A novel method to study the three dimensional organisation of the genome during DNA replication

Double strand breaks in DNA are the initiating lesion for the translocation events that underlie the genome instability that causes cancer. However, the three dimensional organisation of the genetic material within the nucleus also influences the outcome of translocations because proximity of DNA strands increases the risk of their inappropriate joining. DNA replication has a dramatic effect both on break formation and on 3D nuclear organisation, but its roles in oncogenic translocations are und ...

View project

DNA double-strand break repair in tumour suppression and oncogenesis

DNA double-strand breaks (DSBs) are highly toxic and must usually be accurately repaired to counteract the threat of oncogenic mutations. However some specialist tissues actually rely on mutagenic DSB repair as a means by which genetic material can be transferred between loci to create genetic diversity. To cope with this intrinsic discrepancy in desired DNA repair outcome between different tissues and cellular contexts, a complex regulatory system has evolved to maintain the right equilibrium b ...

View project

Integrative cancer genomics for a next generation sequencing enabled clinic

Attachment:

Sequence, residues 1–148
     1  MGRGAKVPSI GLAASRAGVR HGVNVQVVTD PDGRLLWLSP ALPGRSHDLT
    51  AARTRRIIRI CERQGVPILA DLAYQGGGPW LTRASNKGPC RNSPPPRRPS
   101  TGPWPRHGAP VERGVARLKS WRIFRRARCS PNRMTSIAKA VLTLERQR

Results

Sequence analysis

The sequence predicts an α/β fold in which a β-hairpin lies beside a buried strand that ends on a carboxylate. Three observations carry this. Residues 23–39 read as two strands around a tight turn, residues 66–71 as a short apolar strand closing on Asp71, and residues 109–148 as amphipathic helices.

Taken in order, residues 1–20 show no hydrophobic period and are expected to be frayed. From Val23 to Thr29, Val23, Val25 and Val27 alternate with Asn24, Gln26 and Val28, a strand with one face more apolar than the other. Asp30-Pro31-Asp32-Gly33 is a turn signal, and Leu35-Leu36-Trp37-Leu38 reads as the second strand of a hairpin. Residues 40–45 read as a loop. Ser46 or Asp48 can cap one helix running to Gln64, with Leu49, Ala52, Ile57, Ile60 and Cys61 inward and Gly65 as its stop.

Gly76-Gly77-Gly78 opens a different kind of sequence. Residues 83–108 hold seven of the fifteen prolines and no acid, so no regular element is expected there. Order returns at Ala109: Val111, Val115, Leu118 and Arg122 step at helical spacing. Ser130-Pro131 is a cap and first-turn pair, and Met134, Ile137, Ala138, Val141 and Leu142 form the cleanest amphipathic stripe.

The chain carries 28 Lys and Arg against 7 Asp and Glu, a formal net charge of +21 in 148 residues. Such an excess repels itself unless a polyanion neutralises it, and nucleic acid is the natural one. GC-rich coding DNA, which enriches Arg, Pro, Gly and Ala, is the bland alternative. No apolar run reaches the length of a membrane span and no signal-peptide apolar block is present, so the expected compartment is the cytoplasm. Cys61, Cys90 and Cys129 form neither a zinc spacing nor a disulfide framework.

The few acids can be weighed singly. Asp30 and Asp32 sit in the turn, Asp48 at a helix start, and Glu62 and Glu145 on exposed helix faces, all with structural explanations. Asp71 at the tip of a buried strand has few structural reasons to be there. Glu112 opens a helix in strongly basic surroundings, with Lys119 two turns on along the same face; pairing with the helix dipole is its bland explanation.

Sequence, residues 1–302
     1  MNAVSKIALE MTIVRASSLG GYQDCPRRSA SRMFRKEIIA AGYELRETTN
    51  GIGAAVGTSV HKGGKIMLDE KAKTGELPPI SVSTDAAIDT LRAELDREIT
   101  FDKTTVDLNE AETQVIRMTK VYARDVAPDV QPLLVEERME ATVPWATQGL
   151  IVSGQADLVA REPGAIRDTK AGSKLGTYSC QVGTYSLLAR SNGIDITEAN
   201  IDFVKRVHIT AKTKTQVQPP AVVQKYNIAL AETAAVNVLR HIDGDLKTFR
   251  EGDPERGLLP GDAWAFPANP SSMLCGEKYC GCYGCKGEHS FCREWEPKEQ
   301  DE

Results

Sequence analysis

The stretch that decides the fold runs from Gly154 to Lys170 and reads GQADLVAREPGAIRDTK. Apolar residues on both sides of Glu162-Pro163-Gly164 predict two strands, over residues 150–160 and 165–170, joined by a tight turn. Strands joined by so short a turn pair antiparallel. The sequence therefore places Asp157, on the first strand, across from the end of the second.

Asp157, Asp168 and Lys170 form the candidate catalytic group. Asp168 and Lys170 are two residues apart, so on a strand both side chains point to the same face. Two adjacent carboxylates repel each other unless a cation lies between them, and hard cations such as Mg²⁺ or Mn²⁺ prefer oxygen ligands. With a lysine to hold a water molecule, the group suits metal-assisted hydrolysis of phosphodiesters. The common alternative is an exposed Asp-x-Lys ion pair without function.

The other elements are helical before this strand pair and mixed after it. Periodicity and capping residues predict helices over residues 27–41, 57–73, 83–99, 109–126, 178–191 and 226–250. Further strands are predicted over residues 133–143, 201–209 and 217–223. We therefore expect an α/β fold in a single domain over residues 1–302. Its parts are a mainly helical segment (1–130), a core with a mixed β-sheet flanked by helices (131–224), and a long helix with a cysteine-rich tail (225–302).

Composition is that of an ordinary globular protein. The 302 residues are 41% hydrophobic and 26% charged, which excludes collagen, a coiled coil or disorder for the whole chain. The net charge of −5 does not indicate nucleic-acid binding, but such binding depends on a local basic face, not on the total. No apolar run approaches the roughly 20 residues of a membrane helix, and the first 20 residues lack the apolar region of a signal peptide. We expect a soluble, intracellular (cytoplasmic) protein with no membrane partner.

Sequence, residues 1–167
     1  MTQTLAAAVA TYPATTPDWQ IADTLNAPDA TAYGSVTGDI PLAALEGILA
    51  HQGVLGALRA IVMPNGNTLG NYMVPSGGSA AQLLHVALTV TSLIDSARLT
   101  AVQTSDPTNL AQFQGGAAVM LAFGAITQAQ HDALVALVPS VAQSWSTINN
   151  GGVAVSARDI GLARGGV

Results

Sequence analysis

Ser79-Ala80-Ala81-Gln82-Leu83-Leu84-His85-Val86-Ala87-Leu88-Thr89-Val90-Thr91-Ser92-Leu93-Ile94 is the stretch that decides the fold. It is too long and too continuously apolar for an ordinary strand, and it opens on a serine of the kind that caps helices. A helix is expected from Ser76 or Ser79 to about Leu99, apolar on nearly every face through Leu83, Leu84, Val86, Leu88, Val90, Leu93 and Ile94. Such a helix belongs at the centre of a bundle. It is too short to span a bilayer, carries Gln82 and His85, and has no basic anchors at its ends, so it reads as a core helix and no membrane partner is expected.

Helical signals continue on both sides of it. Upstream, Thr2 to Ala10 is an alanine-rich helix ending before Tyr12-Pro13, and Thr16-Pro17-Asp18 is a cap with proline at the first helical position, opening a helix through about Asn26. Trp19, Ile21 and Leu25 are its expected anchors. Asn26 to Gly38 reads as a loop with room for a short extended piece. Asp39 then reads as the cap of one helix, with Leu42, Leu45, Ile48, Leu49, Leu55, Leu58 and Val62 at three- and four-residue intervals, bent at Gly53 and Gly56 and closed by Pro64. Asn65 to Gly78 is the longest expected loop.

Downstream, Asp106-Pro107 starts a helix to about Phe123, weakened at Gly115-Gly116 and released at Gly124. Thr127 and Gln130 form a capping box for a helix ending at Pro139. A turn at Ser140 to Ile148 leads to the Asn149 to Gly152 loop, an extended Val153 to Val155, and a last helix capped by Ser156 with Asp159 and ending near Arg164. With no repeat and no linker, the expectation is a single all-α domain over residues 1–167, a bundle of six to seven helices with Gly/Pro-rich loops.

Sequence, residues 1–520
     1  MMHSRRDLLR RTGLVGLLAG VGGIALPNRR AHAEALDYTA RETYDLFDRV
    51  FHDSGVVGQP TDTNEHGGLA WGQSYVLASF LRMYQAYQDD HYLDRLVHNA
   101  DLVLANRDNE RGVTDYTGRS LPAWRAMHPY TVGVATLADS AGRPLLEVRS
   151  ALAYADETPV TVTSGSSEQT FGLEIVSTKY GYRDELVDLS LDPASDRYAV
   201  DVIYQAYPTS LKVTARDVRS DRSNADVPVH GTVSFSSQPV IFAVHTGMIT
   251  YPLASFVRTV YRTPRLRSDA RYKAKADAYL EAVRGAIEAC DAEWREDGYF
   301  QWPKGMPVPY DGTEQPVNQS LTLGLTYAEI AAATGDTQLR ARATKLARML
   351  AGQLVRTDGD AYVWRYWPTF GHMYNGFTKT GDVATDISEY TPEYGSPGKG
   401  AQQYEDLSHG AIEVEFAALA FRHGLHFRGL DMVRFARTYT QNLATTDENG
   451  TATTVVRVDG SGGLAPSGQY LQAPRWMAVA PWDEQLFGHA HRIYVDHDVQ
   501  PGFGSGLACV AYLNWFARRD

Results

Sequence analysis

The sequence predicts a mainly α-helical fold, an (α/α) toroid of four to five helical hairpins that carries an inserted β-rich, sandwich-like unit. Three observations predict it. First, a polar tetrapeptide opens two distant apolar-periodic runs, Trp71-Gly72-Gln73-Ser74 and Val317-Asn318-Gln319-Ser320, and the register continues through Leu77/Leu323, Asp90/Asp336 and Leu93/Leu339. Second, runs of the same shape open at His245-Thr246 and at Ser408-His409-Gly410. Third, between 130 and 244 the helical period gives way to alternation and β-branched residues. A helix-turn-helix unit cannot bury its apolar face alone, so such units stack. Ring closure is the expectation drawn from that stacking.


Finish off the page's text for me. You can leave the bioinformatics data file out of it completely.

Next generation sequencing technologies provides a tool for cancer researchers and clinicians to gain insight into the molecular landscape of cancer and recently it has become common research practice to adopt dense, multi-sample strategies whereby tissue is acquired from multiple primary and metastatic sites alongside blood samples. These data can allow the measurement and quantification of the evolution of the disease and treatment monitoring. However, computational methods for analysing such ...

View project

Microenvironmental influence on colorectal cancer development and tumour behaviour

Project proposal.  Adult stem cells are present in, and form the foundation of every organ of the body. Stem cell division is critical to maintain homeostasis but is usually restricted to a stem cell niche within a tissue and occurs in a highly regulated fashion. Stringent control of stem cell division and function along with daughter cell differentiation and death (collectively known as cell-fate determination), is achieved by networks of endogenous epithelial and paracrine secreted signalling ...

View project

Statistical Machine Learning for Single Cell Genomics

Single cell genomics has transformed our ability to analyse cellular biology at the molecular level in a high-throughput way. The Yau Group is developing bespoke statistical methodologies to model single cell data including methods to perform dimensionality reduction, unsupervised clustering and pseudo-time assignment. A major theme of our work in this area is the development of distributed representation models coupled with multi-label classification algorithms to characterise complex multi-sca ...

View project


Thank you for registering your interest

We were unable to record your request to register for interest in future opportunities. Please try again and if problems persist contact us at